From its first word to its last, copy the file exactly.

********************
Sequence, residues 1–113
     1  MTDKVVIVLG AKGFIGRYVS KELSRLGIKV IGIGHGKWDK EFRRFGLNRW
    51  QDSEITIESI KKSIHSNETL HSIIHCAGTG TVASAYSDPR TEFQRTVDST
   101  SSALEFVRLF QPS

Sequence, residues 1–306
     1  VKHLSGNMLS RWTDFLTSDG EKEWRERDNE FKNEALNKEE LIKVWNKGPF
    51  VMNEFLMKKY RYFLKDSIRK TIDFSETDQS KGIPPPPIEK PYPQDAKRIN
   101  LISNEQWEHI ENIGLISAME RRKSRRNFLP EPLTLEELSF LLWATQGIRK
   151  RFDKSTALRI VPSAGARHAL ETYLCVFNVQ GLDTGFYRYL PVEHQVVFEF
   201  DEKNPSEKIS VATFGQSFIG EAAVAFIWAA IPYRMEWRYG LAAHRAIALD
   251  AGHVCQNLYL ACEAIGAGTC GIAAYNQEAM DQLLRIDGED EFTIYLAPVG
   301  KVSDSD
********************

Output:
Sequence, residues 1–113
     1  MTDKVVIVLG AKGFIGRYVS KELSRLGIKV IGIGHGKWDK EFRRFGLNRW
    51  QDSEITIESI KKSIHSNETL HSIIHCAGTG TVASAYSDPR TEFQRTVDST
   101  SSALEFVRLF QPS

Sequence, residues 1–306
     1  VKHLSGNMLS RWTDFLTSDG EKEWRERDNE FKNEALNKEE LIKVWNKGPF
    51  VMNEFLMKKY RYFLKDSIRK TIDFSETDQS KGIPPPPIEK PYPQDAKRIN
   101  LISNEQWEHI ENIGLISAME RRKSRRNFLP EPLTLEELSF LLWATQGIRK
   151  RFDKSTALRI VPSAGARHAL ETYLCVFNVQ GLDTGFYRYL PVEHQVVFEF
   201  DEKNPSEKIS VATFGQSFIG EAAVAFIWAA IPYRMEWRYG LAAHRAIALD
   251  AGHVCQNLYL ACEAIGAGTC GIAAYNQEAM DQLLRIDGED EFTIYLAPVG
   301  KVSDSD